Wed, Jul 04, 2018 - Page 10 News List

With new tariffs, China to stop more US soy orders

RETALIATION:A tit-for-tat response from Beijing on US tariffs could cause China to have the ‘world’s most expensive soybeans,’ a Luzheng Futures Co analyst said


Chinese companies are expected to cancel most of the remaining soybeans that they have committed to buy from the US in the year ending Aug. 31, once the extra tariff on US imports takes effect from Friday.

China is the world’s top soybean buyer and has yet to take delivery of about 1.14 million tonnes of US soybeans booked for the current marketing year, US Department of Agriculture data showed.

The USDA last week said China had resold some 123,000 tonnes of committed deliveries to Bangladesh and Iran.

Soybeans are a key flashpoint in the worsening trade relations between the US and China after Beijing said that it would levy tariffs on imports starting on Friday in retaliation against a raft of duties imposed by US President Donald Trump’s administration.

By focusing on US agricultural produce, as well as raw materials such as coal, China is targeting the rural communities in states that voted for Trump in 2016.

“These shipments will be either canceled or resold if extra tariffs are imposed,” said Gao Yanbin, an investment manager with agriculture investment firm Shanghai Shenkai Investment Co (上海申凱投資). “The tariff rate is too high, which will make crushers lose money.”

Tariff-free cargoes destined for state reserves would get through, Gao said.

China holds unspecified volumes of state reserves of domestic and imported soybeans. China had been forecast to buy 97 million tonnes of soybeans this marketing year.

Analysts do not expect many soy cargoes from the US to arrive after the Friday deadline, as buyers have already stopped shipments.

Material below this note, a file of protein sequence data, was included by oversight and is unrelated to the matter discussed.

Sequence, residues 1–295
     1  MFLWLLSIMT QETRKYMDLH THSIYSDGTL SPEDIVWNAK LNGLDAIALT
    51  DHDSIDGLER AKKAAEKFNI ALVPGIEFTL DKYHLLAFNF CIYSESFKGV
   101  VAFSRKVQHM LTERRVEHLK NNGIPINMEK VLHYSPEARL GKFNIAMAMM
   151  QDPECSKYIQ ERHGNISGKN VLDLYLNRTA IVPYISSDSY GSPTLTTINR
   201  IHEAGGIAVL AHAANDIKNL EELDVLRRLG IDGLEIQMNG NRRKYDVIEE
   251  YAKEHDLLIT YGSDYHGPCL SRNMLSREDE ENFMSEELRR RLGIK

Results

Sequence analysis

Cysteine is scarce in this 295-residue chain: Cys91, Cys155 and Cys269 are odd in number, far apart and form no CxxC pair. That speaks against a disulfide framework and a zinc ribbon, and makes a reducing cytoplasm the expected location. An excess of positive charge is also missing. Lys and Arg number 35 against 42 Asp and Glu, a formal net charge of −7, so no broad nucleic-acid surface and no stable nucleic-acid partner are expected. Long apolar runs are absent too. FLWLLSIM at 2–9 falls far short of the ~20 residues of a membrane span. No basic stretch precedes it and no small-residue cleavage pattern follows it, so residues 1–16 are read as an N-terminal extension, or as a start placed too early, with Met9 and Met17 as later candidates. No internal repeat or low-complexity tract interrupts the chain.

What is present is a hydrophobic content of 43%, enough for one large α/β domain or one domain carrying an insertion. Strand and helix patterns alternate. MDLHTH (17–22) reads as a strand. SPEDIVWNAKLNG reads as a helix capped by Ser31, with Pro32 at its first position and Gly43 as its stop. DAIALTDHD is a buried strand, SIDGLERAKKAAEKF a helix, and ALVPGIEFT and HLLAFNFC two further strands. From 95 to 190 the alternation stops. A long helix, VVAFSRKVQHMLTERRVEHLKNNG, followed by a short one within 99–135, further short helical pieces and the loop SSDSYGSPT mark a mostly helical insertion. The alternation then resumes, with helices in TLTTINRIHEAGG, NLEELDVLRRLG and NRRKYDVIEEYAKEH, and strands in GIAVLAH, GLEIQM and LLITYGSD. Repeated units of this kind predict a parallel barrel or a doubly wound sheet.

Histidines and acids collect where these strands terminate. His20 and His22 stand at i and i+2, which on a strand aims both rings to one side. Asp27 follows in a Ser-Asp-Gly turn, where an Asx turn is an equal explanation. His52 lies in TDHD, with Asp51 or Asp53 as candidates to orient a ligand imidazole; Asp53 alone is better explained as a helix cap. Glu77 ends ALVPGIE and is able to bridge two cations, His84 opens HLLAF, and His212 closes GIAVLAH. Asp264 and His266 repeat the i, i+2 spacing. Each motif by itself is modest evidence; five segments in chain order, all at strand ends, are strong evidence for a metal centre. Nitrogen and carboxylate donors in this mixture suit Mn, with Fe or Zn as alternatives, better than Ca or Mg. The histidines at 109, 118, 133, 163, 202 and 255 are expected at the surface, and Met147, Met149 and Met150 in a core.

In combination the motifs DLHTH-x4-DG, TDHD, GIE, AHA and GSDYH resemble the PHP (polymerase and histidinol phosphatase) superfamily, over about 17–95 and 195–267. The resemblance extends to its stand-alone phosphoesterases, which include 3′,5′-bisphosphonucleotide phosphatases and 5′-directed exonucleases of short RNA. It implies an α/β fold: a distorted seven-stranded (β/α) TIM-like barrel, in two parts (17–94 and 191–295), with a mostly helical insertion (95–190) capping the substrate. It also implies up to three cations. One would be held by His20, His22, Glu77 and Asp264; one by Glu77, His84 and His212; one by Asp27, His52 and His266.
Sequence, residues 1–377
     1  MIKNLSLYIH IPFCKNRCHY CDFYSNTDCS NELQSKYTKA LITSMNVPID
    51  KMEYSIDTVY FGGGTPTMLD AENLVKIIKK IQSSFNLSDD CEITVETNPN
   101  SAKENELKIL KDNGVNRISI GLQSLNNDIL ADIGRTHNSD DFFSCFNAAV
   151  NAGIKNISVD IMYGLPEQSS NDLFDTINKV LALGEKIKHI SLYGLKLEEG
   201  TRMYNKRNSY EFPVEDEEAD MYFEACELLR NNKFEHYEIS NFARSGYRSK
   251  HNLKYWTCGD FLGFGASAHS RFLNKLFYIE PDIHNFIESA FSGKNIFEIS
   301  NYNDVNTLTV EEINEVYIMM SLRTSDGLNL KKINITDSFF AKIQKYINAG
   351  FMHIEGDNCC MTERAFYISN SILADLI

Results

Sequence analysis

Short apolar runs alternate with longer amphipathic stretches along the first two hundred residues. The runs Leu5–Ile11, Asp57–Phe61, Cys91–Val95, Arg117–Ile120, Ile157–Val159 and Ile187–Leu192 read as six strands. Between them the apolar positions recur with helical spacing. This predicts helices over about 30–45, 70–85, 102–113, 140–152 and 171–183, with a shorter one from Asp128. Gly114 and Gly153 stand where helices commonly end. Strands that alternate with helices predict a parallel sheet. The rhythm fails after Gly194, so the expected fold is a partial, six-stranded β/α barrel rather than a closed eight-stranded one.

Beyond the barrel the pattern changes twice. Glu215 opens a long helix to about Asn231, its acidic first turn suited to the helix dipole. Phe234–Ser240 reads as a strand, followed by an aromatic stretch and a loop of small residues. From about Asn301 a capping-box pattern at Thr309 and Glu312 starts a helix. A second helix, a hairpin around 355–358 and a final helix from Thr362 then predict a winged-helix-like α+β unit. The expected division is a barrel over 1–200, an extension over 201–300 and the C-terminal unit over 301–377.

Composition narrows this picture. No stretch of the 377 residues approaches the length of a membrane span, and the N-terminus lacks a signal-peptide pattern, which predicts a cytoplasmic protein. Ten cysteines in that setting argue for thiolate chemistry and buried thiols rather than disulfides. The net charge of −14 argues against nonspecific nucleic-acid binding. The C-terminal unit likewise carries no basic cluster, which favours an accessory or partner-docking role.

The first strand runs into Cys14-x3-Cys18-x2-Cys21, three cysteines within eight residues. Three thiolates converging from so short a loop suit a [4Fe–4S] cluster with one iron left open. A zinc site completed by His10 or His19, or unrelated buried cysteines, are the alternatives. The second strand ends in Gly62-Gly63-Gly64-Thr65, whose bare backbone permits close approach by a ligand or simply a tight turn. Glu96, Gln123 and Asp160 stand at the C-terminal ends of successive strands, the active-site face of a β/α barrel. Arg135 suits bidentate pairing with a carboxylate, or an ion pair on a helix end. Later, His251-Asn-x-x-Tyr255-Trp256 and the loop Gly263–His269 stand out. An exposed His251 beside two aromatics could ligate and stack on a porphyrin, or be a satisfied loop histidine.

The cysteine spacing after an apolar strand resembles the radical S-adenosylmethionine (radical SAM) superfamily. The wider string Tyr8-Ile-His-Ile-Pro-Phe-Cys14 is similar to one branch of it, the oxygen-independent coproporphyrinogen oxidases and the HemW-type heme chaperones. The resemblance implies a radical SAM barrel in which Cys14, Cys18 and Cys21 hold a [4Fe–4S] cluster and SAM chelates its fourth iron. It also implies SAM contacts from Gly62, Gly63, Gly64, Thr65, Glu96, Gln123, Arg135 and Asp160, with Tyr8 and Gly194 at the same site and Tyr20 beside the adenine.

The Peak Pegasus bulk carrier is to arrive before the deadline, while the Aeolian Fortune and the Kea have already arrived, Shanghai JC Intelligence Co (上海匯易諮詢) analyst Monica Tu said.

Chinese companies have since April contracted to increase purchases from Brazil and soy inventories at major crushers are currently at the highest in years, the China National Grain and Oils Information Center (CNGOIC) said.

That is likely to change later in the year.

“There will be a supply deficit from the fourth quarter as crushers won’t have enough supplies if they don’t take US soybeans,” Gao said.

Brazilian supplies fall to seasonal lows in the first and fourth quarters — a period when China’s imports are normally dominated by the US.

The CNGOIC said Chinese firms might need to import 10 million tonnes from the US when South American supplies run down.

“If China intends to keep their crushing plant operating in the fourth quarter and early in the first quarter, they will need to import US soybeans, even with a 25 percent tariff,” as there are no other options to cover the shortage, US Soybean Export Council North Asia regional director Paul Burke said.

China imported about 25 million tonnes from the US in the fourth quarter of last year and the first quarter of this year, customs data showed.

China would have the “world’s most expensive soybeans,” which might increase domestic prices of soybean meal and soybean oil, Luzheng Futures Co (魯證期貨) analyst Jiang Boheng said.

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